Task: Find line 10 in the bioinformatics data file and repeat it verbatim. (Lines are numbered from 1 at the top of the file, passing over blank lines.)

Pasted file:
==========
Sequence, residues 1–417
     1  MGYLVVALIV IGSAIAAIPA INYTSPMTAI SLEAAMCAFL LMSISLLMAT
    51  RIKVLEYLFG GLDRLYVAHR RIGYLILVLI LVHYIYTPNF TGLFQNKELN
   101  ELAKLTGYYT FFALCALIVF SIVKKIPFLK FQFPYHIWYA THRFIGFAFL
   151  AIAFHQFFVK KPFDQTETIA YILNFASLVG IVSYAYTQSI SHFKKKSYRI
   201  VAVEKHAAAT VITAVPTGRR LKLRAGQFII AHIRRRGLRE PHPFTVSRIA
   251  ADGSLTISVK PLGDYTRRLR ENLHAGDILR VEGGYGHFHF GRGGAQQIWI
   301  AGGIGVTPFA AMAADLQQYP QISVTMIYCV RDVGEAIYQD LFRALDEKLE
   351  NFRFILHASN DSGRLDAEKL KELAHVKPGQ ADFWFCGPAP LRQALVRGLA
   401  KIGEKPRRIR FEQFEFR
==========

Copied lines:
   401  KIGEKPRRIR FEQFEFR